The Analysis of Data, volume 1

Metric Spaces: Growth of Functions

B.5. Growth of Functions

The big-Oh and other growth notations are useful in comparing the asymptotic behavior of two functions $f,g:\R\to\R$. We list below their definitions.

Definition B.5.1. For two functions $f,g:\R\to \R$ we define the following notations: \begin{align*} f=O(g) \text{ as } x\to L \qquad &\text{if} \qquad \limsup_{x\to L} \frac{|f(x)|}{|g(x)|} < \infty\\ f=o(g) \text{ as } x\to L \qquad &\text{if} \qquad \lim_{x\to L} \frac{f(x)}{g(x)} = 0\\ f\sim g \text{ as } x\to L \qquad &\text{if} \qquad \lim_{x\to L} \frac{f(x)}{g(x)} = 1\\ f\asymp g \text{ as } x\to L \qquad &\text{if} \qquad f=O(g)\text{ and } g=O(f). \end{align*} Above, $L$ may correspond to a finite limit or an infinite limit: $+\infty, -\infty$. If $L$ is omitted, it is typically assumed to be $+\infty$.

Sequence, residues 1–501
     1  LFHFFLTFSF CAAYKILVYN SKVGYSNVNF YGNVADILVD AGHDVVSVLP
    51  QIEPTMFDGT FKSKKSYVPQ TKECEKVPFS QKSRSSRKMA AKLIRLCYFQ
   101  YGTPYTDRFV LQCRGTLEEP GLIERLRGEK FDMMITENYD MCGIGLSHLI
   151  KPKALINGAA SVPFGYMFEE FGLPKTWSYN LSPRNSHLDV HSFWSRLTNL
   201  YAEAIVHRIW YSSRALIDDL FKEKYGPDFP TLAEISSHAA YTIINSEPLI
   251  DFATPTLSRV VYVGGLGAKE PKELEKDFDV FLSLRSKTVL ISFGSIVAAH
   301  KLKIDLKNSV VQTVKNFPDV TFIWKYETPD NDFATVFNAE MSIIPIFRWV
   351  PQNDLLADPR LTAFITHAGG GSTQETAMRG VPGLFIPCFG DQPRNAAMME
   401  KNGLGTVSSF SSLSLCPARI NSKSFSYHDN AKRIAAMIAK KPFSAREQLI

Intuitively, $f=O(g)$ implies that $f$ grows as fast as $g$ or slower, and $f=o(g)$ implies that $f$ grows slower than $g$ does. The definitions above assume that $g(x)$ is non-zero, or at least non-zero as $x \to L$.

Example B.5.1. We have $f=O(g)$ if and only if $f(x)/g(x)=O(1)$ and $f(x)=o(g(x))$ if and only if $f(x)/g(x)=o(1)$. In this case, the notation 1 corresponds to the constant function $1(x)=1$ for all $x$.
Example B.5.2. Assuming $n,k>0$, we have $x^n=O(x^k)$ if and only if $k\geq n$ and $x^{-n}=o(x^{-k})$ if and only if $k < n$ (both as $x\to\infty$). We also have $x^n=O(\exp(x))$ and $\exp(-x)=o(x^{-n})$ as $x\to\infty$ for all $n>0$.